Bond, James Jimmy Bond.

March 8, 2002 8:21 AM   Subscribe

Bond, James Jimmy Bond.

Last Saturday ABC television aired "Diamonds Are Forever" and digitally altered the color of character Plenty O’Toole’s panties, as well as adding a black brassiere.

What possesses a network experiencing serious viewership erosion to cause them to spend time and money is such ridiculous censorship? What are the issues regarding copyright and intellectual property?

More importantly, what are they smoking over there at ABC?
posted by jpburns (30 comments total)
Even more importantly . . . Why do you insist on using so many paragraph breaks?
posted by dogmatic at 8:29 AM on March 8, 2002

...uh... to break the paragraphs? Do you have a comment on the subject, and not regarding my formatting?
posted by jpburns at 8:38 AM on March 8, 2002

ABC is owned by Disney, which is constantly attacked for their editorial decisions both in motion pictures and television. If they don't censor, people call them hypocrites (because of decades of family entertainment since before the days of Snow White & Fantasia). If they do censor, they're called unamerican tyrants and idiots. Disney's in a no-win situation right now. It's possible the entire corporation is unable to get into the 21st century. The public impression of Disney is that of an antiquated entity, and it can't break out of its Mickey Mouse roots.

The worst thing that happened to ABC was getting bought out by Disney. Cokie Roberts recently announced she's leaving ABC's longstanding Sunday news program This Week. It used to be This Week With David Brinkley but they retired him against his will a few years back. He wasn't very happy about it at the time. Sam Donaldson will probably cling to This Week and they'll have to drag him away kicking and screaming. Still I don't see him lasting much longer either. ABC's got a similar problem that CBS has - their demographic is too old, and advertisers don't like that. Younger viewers prefer watching things like Fear Factor than they do news programs. If they're gonna get news, they'll go to cable or read the 'Net.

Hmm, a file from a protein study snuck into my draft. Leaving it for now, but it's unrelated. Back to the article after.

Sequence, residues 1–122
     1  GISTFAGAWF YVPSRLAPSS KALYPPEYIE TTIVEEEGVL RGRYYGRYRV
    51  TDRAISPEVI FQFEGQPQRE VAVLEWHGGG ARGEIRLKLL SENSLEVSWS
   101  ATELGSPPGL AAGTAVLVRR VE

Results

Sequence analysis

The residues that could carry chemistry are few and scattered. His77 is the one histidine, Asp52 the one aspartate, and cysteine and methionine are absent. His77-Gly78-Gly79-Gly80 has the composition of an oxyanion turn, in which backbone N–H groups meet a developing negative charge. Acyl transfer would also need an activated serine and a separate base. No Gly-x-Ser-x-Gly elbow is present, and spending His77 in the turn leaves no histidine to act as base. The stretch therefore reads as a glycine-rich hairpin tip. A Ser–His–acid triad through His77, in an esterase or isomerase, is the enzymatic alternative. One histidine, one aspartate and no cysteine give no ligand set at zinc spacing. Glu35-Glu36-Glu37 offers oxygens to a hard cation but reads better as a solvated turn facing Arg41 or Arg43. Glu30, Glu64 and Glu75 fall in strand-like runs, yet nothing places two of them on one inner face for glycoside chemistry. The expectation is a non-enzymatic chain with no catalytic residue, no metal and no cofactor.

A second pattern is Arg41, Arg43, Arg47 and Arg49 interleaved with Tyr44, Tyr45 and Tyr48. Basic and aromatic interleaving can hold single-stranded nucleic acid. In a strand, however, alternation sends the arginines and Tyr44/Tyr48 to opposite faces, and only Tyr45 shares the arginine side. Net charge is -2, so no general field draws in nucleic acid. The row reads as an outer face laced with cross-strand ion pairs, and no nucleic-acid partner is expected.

Recently there's been talk that ABC was trying to buy David Letterman from NBC and replace Ted Koppel's Nightline with David's show. That rumor's largely going bye-bye. David's got it better over at CBS despite his displeasure with them. However, ABC will probably still zap Koppel out of latenight because Nightline simply can't compete with both Letterman and Leno. My guess is ABC will convince someone like Regis Philbin to attempt a latenight show, and it will fall flat on its face, thus pushing ABC further into viewership erosion.

Regis Philbin on latenight will be worse than Pat Sajak or Chevy Chase, but ABC's very desperate right now. What they SHOULD do is give Bill Maher a full hour and put him on right after the news. His program is both funny and informative, but if they did that they'd need to redesign Bill Maher's Politically Incorrect and I strongly doubt Maher would go for that unless they paid him about twice the amount of money they pay him now. And as much as I love Maher, he's just not worth that much.